In the context of final signing of the gas treaty Gazprom- CNPC, it is necessary to write a few words about it.
The Middle Kingdom “waited out” the Russians the imperial style. Until the very end of Vladimir Putin’s visit, the final conclusion of the discussions wasn’t known. Finally though, Beijing showed some mercy to the Russians and agreed upon signing the treaty. Its content, however, is not necessarily advantageous for Russia.
The sides were mainly disputing about the price:
China: max $250/1000m3 (that is how much it is paying Turkmenistan)
Russia: min $350/1000m3 (the lowest profitable price)
The disagreement is not, however, about the unknown number. Why not?
The difference between the Turkmenistan and Russian offer is the fact that the Russian price is based off of the oil price index, which means that its final price increases as the cost of oil goes up (it is still uneasy in Libya, the dollar is cheap). The Chinese demanded to base the price off of the Henry Hub index, a USA gas market, in which the prices of this raw material are low due to the shale revolution.
In the face of the costly construction of the pipeline Power of Siberia ($80-90 bn – it is more than the cost of Nord Stream and South Stream out together) in order to start the deliveries (the earliest in 2018, and in reality even in 2020) such a low price will not be profitable for the Russians. Gazprom will invest $55 bn in the development of mining and the pipe (about twice as much as in South Stream) and China will invest $20 bn, but only in its part of the Power of Siberia. The negotiated by Gazprom offer is still unknown, but it is appropriate to estimate it around $350/1000m3 because Russia will not want to give up on the oil price index. Why not?
It is the indexation and other clauses of gas deals with Russia that allow for the political manipulations of the gas prices. Many sorts of discounts (ex. for quartering the Black Sea fleet), orders (take or pay) and restrictions (re-export ban) allowed Moscow to control its clients and, therefore, control the governments of the countries that imprecate this raw material. Even though certain companies (RWE supported by the government in Berlin) managed to drift away from the indexation and other clauses, generally they are reinforced in every contract. Their detailed records are secret, which gives opportunity for manipulation for the Russian politicians. That is why the Chinese used the sanctity of the Russian energy politics. They had the right arguments in order to implement their expectations: they have a diversified delivery wallet and the deal with Russia is only a supplement (the volumes from Turkmenistan and Burma, in the perspective of LNG deliveries from Asia and the Pacific, and the South America), money (for infrastructure – they will finance the pipes on the Russian side only as a loan) and political position (in the face of the Ukrainian crisis, Vladimir Putin needed glamorous success in diversifying the clients because he would use that as a threat in the EC-Ukraine-Russia discussions and during the talks about exempting Gazprom from the anti-monopoly policy). That is why the Middle Kingdom ruthlessly used the situation of Russia and limited everything only to the bare minimum. $350/1000m3 is less than the European average ($385/1000m3), so at the border of profitability. If we were to add the colossal, and even though partly covered by Gazprom, costs of constructing the infrastructure, it is easy to state that Russia will have to chip in on this deal.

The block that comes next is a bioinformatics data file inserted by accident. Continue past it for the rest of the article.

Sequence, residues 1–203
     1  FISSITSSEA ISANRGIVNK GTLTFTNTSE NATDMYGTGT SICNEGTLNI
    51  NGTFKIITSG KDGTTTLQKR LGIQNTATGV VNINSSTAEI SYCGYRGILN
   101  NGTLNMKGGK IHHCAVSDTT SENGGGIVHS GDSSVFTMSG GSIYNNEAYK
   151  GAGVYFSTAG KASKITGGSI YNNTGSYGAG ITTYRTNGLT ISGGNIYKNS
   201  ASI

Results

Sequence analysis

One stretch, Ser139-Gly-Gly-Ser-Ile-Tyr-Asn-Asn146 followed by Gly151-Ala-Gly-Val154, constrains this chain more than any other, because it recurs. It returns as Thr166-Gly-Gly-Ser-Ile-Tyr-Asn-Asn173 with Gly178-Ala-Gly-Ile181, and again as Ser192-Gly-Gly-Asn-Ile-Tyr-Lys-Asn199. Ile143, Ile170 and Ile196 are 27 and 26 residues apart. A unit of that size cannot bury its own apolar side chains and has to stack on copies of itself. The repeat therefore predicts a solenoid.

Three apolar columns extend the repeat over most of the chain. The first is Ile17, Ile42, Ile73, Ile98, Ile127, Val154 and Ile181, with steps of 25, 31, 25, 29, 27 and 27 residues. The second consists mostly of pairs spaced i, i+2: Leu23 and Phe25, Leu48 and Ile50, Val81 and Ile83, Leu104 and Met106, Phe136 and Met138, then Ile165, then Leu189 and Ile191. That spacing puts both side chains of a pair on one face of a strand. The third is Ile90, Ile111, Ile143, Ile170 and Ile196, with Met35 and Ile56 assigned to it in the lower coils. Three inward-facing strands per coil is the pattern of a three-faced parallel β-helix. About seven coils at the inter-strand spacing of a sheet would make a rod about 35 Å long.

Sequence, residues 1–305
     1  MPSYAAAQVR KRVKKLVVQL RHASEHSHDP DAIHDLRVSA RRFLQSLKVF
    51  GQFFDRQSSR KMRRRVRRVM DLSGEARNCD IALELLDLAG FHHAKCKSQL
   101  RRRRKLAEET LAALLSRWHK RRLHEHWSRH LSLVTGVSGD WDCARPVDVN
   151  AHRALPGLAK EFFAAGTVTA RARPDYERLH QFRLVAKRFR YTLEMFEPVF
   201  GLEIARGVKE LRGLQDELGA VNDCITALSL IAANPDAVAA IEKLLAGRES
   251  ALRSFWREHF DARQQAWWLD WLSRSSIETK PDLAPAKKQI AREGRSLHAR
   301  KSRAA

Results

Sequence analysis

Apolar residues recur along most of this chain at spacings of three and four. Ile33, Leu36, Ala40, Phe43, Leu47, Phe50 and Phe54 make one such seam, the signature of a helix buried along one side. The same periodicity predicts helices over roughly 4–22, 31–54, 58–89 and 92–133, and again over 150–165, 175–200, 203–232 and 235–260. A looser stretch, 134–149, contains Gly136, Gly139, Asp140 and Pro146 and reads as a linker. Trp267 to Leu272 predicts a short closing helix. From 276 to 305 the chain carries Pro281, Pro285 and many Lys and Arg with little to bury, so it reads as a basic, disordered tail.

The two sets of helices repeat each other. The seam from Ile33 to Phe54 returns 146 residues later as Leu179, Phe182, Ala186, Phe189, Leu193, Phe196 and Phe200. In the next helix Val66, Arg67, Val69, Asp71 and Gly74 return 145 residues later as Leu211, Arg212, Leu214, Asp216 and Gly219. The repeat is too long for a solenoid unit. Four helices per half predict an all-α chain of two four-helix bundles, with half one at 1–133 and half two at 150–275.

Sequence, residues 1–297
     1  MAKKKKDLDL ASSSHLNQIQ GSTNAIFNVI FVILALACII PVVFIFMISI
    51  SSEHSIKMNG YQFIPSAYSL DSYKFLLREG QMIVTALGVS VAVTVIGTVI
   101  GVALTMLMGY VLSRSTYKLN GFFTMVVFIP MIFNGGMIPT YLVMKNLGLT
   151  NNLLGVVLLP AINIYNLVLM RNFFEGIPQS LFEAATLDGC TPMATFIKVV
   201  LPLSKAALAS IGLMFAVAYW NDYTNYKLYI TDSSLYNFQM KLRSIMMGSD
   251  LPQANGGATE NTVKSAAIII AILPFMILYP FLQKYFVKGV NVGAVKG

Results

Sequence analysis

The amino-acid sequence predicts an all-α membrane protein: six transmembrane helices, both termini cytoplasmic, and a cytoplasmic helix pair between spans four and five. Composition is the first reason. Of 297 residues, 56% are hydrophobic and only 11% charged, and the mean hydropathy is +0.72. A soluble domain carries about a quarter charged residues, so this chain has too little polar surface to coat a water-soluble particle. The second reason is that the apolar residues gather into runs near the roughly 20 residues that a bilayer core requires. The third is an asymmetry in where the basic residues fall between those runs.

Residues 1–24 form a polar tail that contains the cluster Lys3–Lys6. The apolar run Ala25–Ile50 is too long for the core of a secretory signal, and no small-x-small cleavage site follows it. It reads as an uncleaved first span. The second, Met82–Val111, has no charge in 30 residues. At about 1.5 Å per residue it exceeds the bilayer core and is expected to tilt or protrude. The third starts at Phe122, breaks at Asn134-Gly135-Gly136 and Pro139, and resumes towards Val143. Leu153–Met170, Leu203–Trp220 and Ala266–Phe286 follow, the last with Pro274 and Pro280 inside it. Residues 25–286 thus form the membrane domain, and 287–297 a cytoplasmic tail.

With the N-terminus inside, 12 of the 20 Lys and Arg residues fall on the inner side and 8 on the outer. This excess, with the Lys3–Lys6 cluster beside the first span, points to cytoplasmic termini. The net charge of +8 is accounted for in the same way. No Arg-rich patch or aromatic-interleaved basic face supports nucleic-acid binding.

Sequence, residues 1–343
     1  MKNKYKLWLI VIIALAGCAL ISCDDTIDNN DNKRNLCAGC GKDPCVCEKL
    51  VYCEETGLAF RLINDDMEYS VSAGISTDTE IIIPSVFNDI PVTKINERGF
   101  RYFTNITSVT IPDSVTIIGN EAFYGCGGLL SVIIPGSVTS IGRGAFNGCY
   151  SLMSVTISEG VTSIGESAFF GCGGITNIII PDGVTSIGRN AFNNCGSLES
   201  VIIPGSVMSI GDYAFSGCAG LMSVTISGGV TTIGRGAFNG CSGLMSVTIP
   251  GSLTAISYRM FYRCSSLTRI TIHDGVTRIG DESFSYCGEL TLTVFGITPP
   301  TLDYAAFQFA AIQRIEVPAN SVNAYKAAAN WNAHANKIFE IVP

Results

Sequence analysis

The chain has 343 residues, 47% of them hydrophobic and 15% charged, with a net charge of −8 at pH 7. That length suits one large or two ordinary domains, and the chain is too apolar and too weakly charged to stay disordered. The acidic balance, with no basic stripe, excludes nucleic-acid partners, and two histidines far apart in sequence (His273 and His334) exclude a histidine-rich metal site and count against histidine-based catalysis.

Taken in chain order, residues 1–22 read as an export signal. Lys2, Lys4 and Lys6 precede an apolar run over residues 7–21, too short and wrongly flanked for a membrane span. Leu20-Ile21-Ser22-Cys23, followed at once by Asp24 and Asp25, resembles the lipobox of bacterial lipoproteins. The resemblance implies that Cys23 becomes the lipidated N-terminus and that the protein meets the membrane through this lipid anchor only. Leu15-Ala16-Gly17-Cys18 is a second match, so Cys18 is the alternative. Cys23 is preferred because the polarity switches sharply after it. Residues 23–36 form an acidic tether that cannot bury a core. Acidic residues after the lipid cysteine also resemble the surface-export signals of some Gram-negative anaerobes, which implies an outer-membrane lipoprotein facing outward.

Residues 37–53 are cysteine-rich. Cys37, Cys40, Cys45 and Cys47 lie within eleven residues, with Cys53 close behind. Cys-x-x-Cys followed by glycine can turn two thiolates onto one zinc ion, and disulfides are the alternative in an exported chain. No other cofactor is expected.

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The Power of Siberia will come into existence only if the Chinese don’t back out: withhold the financing or stop the construction of the Chinese segment of the pipe. The Gazprom’s gas for CNPC will eventually make its way to the Yellow River because the demand for gas in the Middle Kingdom is predicted to be constantly increasing. It will not be, however, a “monumental success” about which all of the Russian media are talking about, even though there probably will not be much change in how the news portray the situation – for propaganda reasons. The deal with CNPC doesn’t give Gazprom diversified clients because the gas for China will flow from the Eastern and not the Western part of Siberia. The discussions about creating a gas corridor from the Western Siberia (where the deposits are exploited for the European market) have only begun and could last another 10 years analogically to the currently finished discussions. A bigger success, however, is the Novatek-CNPC agreement about the LNG deliveries from the terminal on the Yamal Peninsula as a part of the Yamal LNG, in which the Chinese already participated. That gas is currently being offered to Europe, and it would be a real chance for diversifying the Russian clients. But not for Gazprom, the former leader of the Russian gas sector, but for Novatek, a growing competitor for the leading role in the Russian energy politics, and Rosnieft, which is also planning gas conquests in Asia. Therefore, the Gazprom contract is Putin’s Pyrrhic victory. It is also the prediction of the increasing meaning of China in Russia’s energy politics and, as a result, increasing influence of Beijing in Russia.
Translation: Marlena Kister